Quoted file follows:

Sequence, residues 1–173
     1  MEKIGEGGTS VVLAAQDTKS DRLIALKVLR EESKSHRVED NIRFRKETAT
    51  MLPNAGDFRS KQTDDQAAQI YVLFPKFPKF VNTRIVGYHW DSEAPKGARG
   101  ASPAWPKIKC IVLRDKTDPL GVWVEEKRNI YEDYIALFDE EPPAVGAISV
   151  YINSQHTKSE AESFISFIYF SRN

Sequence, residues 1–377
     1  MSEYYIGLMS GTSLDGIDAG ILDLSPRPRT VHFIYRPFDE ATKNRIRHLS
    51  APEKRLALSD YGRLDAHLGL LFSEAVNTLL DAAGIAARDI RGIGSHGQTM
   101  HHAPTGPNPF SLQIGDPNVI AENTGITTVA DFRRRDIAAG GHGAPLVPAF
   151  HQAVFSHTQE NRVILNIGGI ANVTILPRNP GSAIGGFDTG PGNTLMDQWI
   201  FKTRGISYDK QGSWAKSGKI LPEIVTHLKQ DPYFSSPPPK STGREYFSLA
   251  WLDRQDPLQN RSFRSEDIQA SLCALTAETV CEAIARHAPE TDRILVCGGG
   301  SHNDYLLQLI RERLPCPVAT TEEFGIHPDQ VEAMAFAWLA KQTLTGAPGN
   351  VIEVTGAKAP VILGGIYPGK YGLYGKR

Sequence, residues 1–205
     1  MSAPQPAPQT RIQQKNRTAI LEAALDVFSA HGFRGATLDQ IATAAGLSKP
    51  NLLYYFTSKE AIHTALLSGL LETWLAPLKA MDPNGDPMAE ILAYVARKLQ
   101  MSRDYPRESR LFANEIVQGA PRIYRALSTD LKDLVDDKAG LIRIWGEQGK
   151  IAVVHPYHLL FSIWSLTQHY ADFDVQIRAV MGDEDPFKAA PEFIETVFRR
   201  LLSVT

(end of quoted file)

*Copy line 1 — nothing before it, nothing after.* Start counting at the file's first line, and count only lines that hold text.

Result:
Sequence, residues 1–173